Some cultures, mostly protestant, northern and heavily industrialised, are “monochronic”. In the US, the UK, Holland, Germany, Switzerland, Canada and Scandinavia, time is an absolute. Being late or abusing someone else’s time is taboo. Other cultures, says Hall, are “polychronic” and the value given to time is more elastic and indulgent. Most of the world is “polychronic” apparently, taking in Asia, Africa, the Middle East, Mediterraneans, Latin Americans and, no surprise, the French.

Then again, the French train system is famous for punctuality (so it should be with a €10 billion annual subsidy from the French taxpayer) and while their shops sometimes open on time, they all close absolutely on the dot for the two-hour lunch break. Those mealtimes are important. Harriet Welty, an expert on French “etiquette”, points out in her book French Toast (2001) that while it is actually rude for a French couple to turn up less than half an hour late to dinner with friends, if they turn up to lunch more than two minutes late, they will apologise profusely and with apparent sincerity. 

So it seems that the French can keep time if they want to. They just don’t want to. Almost every book and source recognises this fact without daring to say it – or say why. Very simply, in a country as clannish and competitive as France, time – and its use or misuse – is an excellent way of enforcing their superiority over the stranger, the subordinate, the “other guy”. In other words, you.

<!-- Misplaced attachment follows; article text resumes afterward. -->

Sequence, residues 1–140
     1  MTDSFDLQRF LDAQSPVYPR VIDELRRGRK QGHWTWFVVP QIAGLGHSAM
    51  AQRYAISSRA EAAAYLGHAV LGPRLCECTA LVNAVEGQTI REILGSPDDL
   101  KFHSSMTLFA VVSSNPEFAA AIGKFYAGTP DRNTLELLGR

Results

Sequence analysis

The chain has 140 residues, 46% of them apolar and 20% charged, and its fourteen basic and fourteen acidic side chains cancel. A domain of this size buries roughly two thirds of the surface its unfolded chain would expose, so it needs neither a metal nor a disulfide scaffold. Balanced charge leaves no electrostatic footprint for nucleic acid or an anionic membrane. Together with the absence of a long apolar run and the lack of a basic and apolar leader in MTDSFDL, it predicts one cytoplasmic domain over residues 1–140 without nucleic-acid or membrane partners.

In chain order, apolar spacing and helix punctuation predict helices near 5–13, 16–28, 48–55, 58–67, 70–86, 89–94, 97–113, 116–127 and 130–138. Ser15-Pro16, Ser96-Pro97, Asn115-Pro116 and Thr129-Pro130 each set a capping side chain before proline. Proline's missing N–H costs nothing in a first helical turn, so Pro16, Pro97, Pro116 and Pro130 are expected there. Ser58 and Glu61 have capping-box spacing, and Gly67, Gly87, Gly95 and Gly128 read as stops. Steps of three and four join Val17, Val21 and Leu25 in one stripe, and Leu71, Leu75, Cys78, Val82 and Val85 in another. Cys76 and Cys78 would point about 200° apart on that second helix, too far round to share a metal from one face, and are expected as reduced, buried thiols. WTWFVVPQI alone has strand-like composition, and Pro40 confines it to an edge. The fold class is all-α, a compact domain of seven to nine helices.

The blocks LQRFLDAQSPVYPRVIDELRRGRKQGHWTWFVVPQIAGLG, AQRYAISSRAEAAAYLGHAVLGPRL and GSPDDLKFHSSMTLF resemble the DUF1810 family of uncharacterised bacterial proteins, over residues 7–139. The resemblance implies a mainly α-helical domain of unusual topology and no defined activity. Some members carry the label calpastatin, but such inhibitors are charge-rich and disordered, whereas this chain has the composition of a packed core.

Polly Platt, who has to live and work in France, diplomatically sums it up: “The French are punctual whenever necessary... Most have an inner alarm about when to be on time. They also know when it doesn’t matter. In business, it also makes a difference if they are demandeur (soliciting someone for something) or demandé (being solicited)... It’s part of their liberté, like smoking or letting their dogs mess up the sidewalk.”


Working Late: Proudfoot Consulting, analysing international firms found Japanese CEOs were most punctual – 60% said they were hardly ever late. French CEOs were worst with just 36 % saying they were usually punctual when it comes to meetings.

Clash of the Chronics: The classic example of a “monochronic” versus “polychronic” clash is the battle of Waterloo (1815). Napoleon chose not to attack at dawn because the ground was wet and he wanted his breakfast. Instead, he waited until noon. This was fine with the Duke of Wellington because he had arranged to meet up with the Prussians in the afternoon. The British, facing devastating barrages, might have broken except General Blucher, with true German punctuality, turned up right on time. The two hours Boney whiled away eating devilled kidneys at the breakfast table and lecturing his marshals on the importance of timing lost him the battle, the crown and France.

The French Are Retarded: The French may not keep time but when someone else has it, they want it bad. At an international conference in 1884, twenty-five countries met to fix a standard world meridian. Despite furious French lobbying for Paris, the Royal Observatory at Greenwich in the UK won the prize to be the world’s Longitude 0°. Only San Domingo voted against with abstentions from France and Brazil. Until 1978, all French maps and official documents by law had to express the time not as “Greenwich Mean Time” but as "Paris Mean Time retarded by 9 mins 21 secs". Even today, the French campaign to have Paris reclassified as the starting point for time has not quite died. In the run-up to the 2000 Millennium, it was proposed to plant a line of poplars all the way across France along the line of a theoretical “Paris Mean Time” which would be visible from space so that aliens, at least, would recognise whose time was most important on earth.


This is a web preview of the "50 Reasons to Hate the French" app. Many features only work on your mobile device. If you like what you see, we hope you will consider buying. Get the App